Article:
How loot boxes extract money from players

Scoring the most points or unlocking more exciting stages in a video game used to require practice and patience. Today, gamers can skip the grind and simply pay to get ahead by buying so-called loot boxes -- virtual vaults containing items such as tokens, better weapons or faster cars.

Scoring the most points or unlocking more exciting stages in a video game used to require practice and patience. Today, gamers can often skip the grind and pay to get ahead by buying so-called loot boxes -- virtual vaults containing items such as tokens, better weapons or faster cars. As the popularity of loot boxes grows, so does the controversy over whether they offer an unfair competitive advantage to the wealthiest players. Worse, some critics contend that loot boxes constitute a form of gambling because players sometimes don’t know what’s inside when they buy them. The concern has caught the attention of regulators, who are cracking down on game makers. 

1. What are loot boxes?

Loot boxes take many forms: packs of cards, treasure chests or even, in the case of Epic Games Inc.’s blockbuster shoot’em up Fortnite, llama-shaped piñatas. In most games, the more expensive the box, the better the loot. Some titles, like Words With Friends, use loot boxes as rewards for logging into a game each day, and some can be won for free. But almost all can be purchased using real money, and it’s this aspect that draws the most concern, especially when kids are buying them.

Consider the popular free-to-play card game South Park: Phone Destroyer. Players collect cards based on characters from the Comedy Central show and use their hand to battle other people on their smartphones. The game lets players earn a free pack of cards every four hours, but the publisher Ubisoft Entertainment SA also sells premium packs that can contain more exclusive characters for building a stronger hand. This common practice is seen as inherently troublesome because the specific "loot" available is rarely enumerated, and it’s a gamble whether a purchase even gives a player what he or she wants. The pricing levels are also set by publishers to encourage higher spending, which can encourage gamers to buy too much loot in search of a prize.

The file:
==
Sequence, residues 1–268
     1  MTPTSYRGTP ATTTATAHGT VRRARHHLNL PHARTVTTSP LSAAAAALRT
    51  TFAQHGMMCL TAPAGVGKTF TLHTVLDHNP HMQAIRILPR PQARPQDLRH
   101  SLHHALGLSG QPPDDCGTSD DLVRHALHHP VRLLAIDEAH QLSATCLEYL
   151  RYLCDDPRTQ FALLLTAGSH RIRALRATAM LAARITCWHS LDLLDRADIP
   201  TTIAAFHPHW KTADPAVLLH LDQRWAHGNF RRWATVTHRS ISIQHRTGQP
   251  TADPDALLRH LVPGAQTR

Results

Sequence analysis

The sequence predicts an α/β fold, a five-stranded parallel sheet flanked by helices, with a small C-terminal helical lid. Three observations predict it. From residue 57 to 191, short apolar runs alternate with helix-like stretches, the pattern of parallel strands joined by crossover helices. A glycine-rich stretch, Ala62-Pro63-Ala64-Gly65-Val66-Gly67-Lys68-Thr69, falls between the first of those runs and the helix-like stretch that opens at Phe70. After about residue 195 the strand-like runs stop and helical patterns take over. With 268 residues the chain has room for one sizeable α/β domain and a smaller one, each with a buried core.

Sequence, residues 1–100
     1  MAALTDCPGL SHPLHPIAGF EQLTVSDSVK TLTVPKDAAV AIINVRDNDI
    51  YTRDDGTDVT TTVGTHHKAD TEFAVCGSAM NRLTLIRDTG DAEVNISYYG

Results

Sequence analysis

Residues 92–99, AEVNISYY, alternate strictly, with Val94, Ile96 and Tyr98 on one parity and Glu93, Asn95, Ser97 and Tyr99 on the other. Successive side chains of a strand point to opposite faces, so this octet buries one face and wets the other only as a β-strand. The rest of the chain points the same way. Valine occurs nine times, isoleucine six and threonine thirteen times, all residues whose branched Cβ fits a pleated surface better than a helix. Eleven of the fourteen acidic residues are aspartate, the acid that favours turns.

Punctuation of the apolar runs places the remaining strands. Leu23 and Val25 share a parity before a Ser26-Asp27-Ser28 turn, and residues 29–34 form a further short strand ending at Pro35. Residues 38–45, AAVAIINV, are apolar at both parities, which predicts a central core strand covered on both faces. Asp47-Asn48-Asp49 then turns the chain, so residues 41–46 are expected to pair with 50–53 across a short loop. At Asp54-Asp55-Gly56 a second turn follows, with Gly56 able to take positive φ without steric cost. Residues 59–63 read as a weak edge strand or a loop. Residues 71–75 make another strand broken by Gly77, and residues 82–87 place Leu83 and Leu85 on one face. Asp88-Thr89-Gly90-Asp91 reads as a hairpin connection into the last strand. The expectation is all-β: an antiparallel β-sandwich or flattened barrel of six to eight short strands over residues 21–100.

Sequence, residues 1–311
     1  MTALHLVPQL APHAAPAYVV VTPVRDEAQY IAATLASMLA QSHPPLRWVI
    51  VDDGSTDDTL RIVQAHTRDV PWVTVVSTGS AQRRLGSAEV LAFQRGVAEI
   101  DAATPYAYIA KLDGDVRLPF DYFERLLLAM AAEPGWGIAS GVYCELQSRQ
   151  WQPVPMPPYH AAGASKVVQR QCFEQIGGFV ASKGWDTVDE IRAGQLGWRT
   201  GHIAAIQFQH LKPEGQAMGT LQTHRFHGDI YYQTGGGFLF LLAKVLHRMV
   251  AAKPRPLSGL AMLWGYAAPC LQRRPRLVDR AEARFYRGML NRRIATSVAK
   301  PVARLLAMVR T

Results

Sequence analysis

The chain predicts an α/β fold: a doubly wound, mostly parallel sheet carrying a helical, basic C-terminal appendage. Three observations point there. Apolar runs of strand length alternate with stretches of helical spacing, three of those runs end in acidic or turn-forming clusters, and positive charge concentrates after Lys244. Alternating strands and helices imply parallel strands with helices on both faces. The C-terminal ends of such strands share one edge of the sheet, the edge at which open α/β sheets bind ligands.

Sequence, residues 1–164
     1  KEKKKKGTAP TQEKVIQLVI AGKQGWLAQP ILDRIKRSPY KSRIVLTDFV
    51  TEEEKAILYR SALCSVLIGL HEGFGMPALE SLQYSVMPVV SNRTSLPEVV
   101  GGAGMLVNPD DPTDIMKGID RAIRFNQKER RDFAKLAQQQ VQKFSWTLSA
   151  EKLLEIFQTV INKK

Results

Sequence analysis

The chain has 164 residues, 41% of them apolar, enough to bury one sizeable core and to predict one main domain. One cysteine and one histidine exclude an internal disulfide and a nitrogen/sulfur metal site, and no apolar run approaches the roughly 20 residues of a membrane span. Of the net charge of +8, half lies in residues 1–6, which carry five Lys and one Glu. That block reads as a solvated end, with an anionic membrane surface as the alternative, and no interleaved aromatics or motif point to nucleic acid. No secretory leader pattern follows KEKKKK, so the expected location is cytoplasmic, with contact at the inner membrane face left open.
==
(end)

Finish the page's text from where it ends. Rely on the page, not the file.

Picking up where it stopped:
3. Who’s looking into the issue?

The U.S. Federal Trade Commission said in November that it is investigating the use of loot boxes. Belgium has already deemed them an illegal form of gambling for children and adults alike, and some publishers have discontinued selling games there as a result. The Netherlands also has outlawed them, threatening game publishers with large fines and even criminal prosecution. The U.K.’s Gambling Commission said in September that it had teamed up with more than a dozen gambling regulators across Europe to help understand the concerns. In a jointly-signed declaration, the countries pledged also to probe "gambling-themed content" within games, and hold "constructive dialog" with developers.

 4. What’s the likely outcome?

In the short term, publishers may disable loot boxes in certain territories until the legal issues are clearer. Another possibility would be to reveal the contents of a loot box prior to its sale -- an approach taken by the developers of Fortnite -- or to disclose in advance the exact odds of unlocking each possible reward so that buyers know what they’re getting. It’s unlikely loot boxes will disappear entirely, though, as they’ve become a critical component of gaming industry profits. Fortnite’s success demonstrates the success of the business model: The game itself is free, but Epic Games generates hundreds of millions of dollars from sales of subscriptions, add-ons and ancillary products to its 200 million players.

The Reference Shelf

https://www.bloomberg.com/news/articles/2019-02-15/how-loot-boxes-unlock-video-game-gambling-worries-quicktake